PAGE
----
In some cases, the parents were illiterate or spoke an indigenous language not included on the form. Two fathers thought the form would release their sons from government custody and allow them to reunify. One mother was told signing the waiver would lead to reunification.

Other parents were given a presentation on their legal rights in a room with dozens of other migrants and given only three minutes to decide whether they would be deported with or without their child.

Some parents knowingly choose to be deported without their child in order to give their child a chance at asylum in the United States rather than bringing them back to a violent country.

Government attorneys said on Tuesday they plan to reunite 1,637 children with their parents by the deadline. Judge Dana Sabraw of the Southern District of California, who is overseeing the reunification case and set the deadline, said that was "a remarkable achievement," but said he expects the ACLU to contest the government's decision to put some parents in the "ineligible" category, laying the stage for a continued battle over who the government will reunify.

Judge Sabraw said the parents who have been deported or are otherwise unaccounted for are the product of a government policy that "resulted in large numbers of families being separated without forethought as to reunification and keeping track of people."

"My biggest joy is to have them with me again"

Even for those who will be reunified by Thursday's deadline, the end of one dark chapter brings a whole new set of struggles. Uncertainty about asylum claims and when they will be processed because of a massive backlog put hundreds of formerly-separated families in limbo. The Trump administration has reverted to the so-called "catch and release" policy of paroling families without criminal records into the United States — part of their justification for the zero tolerance policy in the first place — as they await their fate.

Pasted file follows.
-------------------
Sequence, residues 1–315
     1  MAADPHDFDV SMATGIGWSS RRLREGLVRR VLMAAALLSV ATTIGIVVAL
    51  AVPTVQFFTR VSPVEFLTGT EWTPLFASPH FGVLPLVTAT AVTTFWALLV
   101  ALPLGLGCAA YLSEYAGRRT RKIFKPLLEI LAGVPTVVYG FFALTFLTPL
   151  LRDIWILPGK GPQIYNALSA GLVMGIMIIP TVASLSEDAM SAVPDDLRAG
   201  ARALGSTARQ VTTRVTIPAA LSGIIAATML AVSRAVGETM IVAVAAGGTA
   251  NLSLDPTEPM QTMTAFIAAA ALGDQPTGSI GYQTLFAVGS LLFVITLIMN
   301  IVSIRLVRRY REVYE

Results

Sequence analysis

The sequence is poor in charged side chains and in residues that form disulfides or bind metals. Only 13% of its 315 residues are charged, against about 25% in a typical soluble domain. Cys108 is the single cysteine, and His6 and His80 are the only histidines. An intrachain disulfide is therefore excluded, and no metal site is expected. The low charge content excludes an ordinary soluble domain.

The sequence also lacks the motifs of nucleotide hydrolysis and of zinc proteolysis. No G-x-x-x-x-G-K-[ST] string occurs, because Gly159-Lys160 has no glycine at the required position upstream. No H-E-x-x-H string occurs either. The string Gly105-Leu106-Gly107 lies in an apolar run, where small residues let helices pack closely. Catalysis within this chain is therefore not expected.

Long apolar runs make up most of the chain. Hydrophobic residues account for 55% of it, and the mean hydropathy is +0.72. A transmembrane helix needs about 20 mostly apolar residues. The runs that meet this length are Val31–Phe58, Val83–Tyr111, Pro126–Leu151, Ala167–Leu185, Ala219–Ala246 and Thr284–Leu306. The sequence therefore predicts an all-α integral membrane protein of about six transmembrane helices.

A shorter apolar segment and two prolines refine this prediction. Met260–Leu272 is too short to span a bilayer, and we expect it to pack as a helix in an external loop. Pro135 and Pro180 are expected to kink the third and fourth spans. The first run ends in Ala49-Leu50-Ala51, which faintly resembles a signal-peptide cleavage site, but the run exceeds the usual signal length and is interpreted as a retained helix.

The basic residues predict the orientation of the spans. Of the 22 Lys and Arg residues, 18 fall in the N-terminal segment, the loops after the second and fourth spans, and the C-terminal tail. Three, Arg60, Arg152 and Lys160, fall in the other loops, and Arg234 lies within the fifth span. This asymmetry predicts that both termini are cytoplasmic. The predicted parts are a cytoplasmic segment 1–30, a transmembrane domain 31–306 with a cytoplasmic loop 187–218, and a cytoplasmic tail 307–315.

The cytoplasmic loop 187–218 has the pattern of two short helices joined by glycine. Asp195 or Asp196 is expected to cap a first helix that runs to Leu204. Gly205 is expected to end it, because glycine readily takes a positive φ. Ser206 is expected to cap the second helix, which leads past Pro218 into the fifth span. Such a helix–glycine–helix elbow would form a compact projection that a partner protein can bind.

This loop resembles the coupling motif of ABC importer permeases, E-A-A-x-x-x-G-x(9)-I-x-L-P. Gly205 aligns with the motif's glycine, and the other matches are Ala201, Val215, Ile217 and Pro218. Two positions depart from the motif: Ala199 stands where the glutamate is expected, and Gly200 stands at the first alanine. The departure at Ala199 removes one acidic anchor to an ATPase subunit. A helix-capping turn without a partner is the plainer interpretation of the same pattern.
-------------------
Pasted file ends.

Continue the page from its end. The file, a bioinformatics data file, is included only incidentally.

One such mother, Maria Gloria, was separated from her sons for a month and a half after arriving in Texas from Honduras fleeing violence and death threats against herself and her two sons, Franklin, 11, and Byron, 7. They were forced apart at the McAllen Border Patrol processing station where NBC News witnessed young children kept alone and in cages. Reunited just weeks ago, Maria Gloria is dealing not only with the trauma of the separation, but she is starting from scratch.

After traveling to New York to be reunited with her boys at the shelter they were sent to, she said "I feel like I'm dying because they've taken my kids away." Today, back together and living in Kingston, New York, she has started to receive services like English classes, access to a food pantry and even sports for her son with the help of Catholic Charities. Outside the new apartment they moved into just days after relocating, she made clear that despite the challenges in front of her including finding work to support her children "my biggest joy is to have them with me again."

Mariana Atencio reported from McAllen, Texas. Julia Ainsley reported from Washington. Jacob Soboroff reported from Kingston, N.Y.